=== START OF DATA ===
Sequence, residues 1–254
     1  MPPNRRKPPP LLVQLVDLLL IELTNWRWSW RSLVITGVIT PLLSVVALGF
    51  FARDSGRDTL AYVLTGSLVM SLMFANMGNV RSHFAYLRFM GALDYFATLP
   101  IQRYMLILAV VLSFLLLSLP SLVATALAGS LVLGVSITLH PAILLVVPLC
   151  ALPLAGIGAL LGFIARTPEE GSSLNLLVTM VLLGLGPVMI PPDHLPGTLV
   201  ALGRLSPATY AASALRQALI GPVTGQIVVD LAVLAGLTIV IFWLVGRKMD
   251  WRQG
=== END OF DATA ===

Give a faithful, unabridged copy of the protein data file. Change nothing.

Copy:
Sequence, residues 1–254
     1  MPPNRRKPPP LLVQLVDLLL IELTNWRWSW RSLVITGVIT PLLSVVALGF
    51  FARDSGRDTL AYVLTGSLVM SLMFANMGNV RSHFAYLRFM GALDYFATLP
   101  IQRYMLILAV VLSFLLLSLP SLVATALAGS LVLGVSITLH PAILLVVPLC
   151  ALPLAGIGAL LGFIARTPEE GSSLNLLVTM VLLGLGPVMI PPDHLPGTLV
   201  ALGRLSPATY AASALRQALI GPVTGQIVVD LAVLAGLTIV IFWLVGRKMD
   251  WRQG